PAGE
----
Horizon is a multichannel video, and a suite of hand printed photographs considering horizontal perspective, ecological catastrophe, and ‘Photography’.
Proposing that our internalisation of the camera has caused a kind of terminal blindness to the natural world, the work explores its premise metaphorically, through post photographic and structuralist video techniques of making. Here, film is imagined as an iris—a boundary between world and viewer. Television screens in a vertical configuration are employed as virtual window frames—a ‘Zero Point’ of architecture—transmitting manipulated footage of the immediate space, and mirroring the glass high rise buildings visible from the gallery’s windows.
/ The following is an essay written by Ann Debono (a hardcopy can be obtained from the gallery)
The sun is a blind pupil sliding around in its vast, shallow-vaulted iris; the sky. Nested oculi align: sun-punctured firmament, a window-lit room, the aperture of a camera.
A horizon is an untouchable limit. More than mere perimeter, the absoluteness of its limitation is constituted by its untouchability. It is also a pictorial key that maps the two-dimensional plane of representation onto the presented world of experience. As both limit and orientation of the visible, the horizon discloses the region of sensory perception, of embodiment, and also suggests a beyond that remains concealed behind it. The eye clings to the exteriority of things in vision but it desires penetration, unification, an intimacy with essence. The apocalypse tempts with the thought that the world of appearances will be catastrophically vitiated to reveal the font of the Real behind it. In Aaron’s work, the red tinted windows of the gallery space collapse together the connotations of a photographic darkroom and the imminent torrid doom of the planet brought about by the desecrating exhalations of human industry. ‘Reality’ possesses us with a millenarian fervour that compels the eye to seek out that which is entirely unmediated. This is the attraction of apocalyptic aesthetics.
Like heliotropic flowers, eyeballs bend on optic nerve stems to meet the gaze of the sun, the sun that is both grand model of the eye with earth-as-retina, and incandescent author of vision’s possibility.
Photography is a physics experiment that produces semiosis. In its indisputable mutuality with the light issuing off its subject, the photograph really does harbour some radical contact with reality. This contact, however, is always totally simultaneous with semiotic content. Impossible to separate the contingent and the constant, this is the paradox that makes photography compelling. Aaron’s photographs of luxury consumer goods are as though from a submerged shopping centre, or the bottom of a basin of super viscous developing fluid, or of radiating nuclear waste immersed in a tailings dam. It’s like these images have been captured at the midpoint of some aqueous process to cut the seductive emanations of signification and precipitate out a residuum of uncontaminated actuality.
Aaron’s video work images the distilled elements of climate catastrophe: air, sun, water. Invisibly, this organic trinity conspires to annul the pact issued under the sign of the rainbow; the pact that ensures the enduring solidity of the earth of Earth. The Flood will return: not as condign divine censure for the wickedness of Capitalism, but the product of dispassionate terrestrial mechanics. Capital manufactures, in fact, a perfectly doctrinal cataclysm. In the Biblical flood, the fountains of the deep are unstopped as well as clouds gathered in preparation for the deluge. Presently we witness seas rising to inundate shorelines as if filled from below. Freak storms gestate over the too-warm oceans then migrate over land and pour down, filling all the hollow and low-lying topographies. Land is a wafer supplied as realm under the feet of humans, the earth a biscuit wedged between the twin lens-like basins of sky and sea. When God wants to obliterate humanity, he destroys the ground that sustains it from below and above. In Aaron’s video the horizon gradually, dreadfully peels off its horizontality and turns, untethered, in space. It isn’t the exposure of some fundament spatially behind an occluding horizon, but rather it conveys the ahuman scale and spatiality of the globe in constant motion in a non-oriented cosmos. After the annihilation of humanity, the earth will be unmoored from the contingent bearings of perceptual convention. The sun shall reign over an indifferent and meaningless visibility addressed to no agent.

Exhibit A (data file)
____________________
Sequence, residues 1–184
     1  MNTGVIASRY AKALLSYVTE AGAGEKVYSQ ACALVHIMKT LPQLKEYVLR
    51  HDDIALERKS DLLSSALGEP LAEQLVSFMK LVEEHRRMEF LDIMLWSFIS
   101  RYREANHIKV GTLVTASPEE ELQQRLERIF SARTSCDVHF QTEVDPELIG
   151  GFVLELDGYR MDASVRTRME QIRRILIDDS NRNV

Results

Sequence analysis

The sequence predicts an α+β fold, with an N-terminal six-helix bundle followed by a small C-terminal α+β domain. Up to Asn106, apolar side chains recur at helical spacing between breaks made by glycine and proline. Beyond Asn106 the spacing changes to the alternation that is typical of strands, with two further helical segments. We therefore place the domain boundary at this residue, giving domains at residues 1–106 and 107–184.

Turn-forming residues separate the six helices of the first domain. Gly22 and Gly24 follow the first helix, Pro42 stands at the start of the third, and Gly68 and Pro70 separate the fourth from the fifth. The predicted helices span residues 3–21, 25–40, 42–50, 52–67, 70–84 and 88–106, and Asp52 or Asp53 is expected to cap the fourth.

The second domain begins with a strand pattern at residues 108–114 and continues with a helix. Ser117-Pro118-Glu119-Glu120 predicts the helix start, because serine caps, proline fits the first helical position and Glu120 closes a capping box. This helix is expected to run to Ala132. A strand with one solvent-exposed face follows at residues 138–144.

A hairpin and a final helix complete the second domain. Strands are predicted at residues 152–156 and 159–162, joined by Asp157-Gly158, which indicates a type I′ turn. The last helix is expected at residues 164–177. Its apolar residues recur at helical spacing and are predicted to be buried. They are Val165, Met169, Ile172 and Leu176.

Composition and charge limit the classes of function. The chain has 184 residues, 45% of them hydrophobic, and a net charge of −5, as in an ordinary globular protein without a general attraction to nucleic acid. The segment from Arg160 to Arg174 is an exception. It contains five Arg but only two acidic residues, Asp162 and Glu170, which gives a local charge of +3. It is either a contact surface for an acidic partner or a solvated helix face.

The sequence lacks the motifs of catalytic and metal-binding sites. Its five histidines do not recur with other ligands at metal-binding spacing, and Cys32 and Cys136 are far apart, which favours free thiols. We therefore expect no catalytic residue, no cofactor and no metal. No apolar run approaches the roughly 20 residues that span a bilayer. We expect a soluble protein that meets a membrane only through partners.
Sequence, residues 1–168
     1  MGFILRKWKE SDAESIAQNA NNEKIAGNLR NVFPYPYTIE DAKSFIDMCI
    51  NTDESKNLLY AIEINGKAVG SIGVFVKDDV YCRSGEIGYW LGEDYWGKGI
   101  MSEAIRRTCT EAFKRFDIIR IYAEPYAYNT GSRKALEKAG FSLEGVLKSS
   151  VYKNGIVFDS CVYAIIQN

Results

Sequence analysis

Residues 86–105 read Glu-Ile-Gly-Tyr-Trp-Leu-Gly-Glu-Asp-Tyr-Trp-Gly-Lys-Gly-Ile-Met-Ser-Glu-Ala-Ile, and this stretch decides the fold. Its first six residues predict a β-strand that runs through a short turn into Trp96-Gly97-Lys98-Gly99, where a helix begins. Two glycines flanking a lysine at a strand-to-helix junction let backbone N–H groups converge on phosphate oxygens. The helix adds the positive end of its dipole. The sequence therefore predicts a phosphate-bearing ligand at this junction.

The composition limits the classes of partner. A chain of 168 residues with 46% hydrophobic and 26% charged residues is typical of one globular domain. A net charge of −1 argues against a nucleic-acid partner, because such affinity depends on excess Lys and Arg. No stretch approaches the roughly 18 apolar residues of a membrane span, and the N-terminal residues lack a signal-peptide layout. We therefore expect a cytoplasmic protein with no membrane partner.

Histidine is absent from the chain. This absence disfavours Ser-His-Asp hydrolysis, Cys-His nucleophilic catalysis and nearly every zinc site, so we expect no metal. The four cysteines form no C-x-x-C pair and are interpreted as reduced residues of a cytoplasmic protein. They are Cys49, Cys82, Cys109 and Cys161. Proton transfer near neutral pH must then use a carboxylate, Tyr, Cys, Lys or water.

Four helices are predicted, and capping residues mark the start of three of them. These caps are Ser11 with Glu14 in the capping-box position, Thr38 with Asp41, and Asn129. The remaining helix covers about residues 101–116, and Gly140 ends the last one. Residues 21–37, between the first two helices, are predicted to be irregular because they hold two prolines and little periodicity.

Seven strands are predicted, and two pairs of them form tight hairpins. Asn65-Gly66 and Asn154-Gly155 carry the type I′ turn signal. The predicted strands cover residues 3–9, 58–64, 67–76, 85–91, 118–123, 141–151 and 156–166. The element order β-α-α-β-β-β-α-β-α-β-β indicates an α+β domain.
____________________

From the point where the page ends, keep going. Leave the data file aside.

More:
This project is supported by the City of Melbourne COVID-19 Arts Grants
Photos courtesy of the artist
Aaron Christopher Rees’ practice explores the mobilization of vision through the internalization of the camera and the ubiquity of the screen. Generating work through process based photographic and structuralist video techniques of making
Rees graduated from the VCA in 2015 with honours and has been the recipient of a number of prizes, amongst them the VCA Emerging Artist prize, The Blair Trethowan TCB Art Inc Award and the Orloff Family Charitable Trust award.
Rees has exhibited internationally and interstate, select exhibitions include: Vanishing Point - Incinerator Gallery, Tencome ‘Eyes of the hand,’ First Draft Gallery (NSW), Conditional Surplus - Channels Video Art Festival at Federation Square, Speculative Foundations - Sutton Gallery Project Space, Impressions of Mars - Visual Bulk (TAS), Transference - Bus Projects, The Bathhouse Show - Space Space Gallery (JPN), Is/Is not - West Space, 1/60; 5/5.0 - TCB, In the Epoc of the Near and Far - Grey Gardens Projects.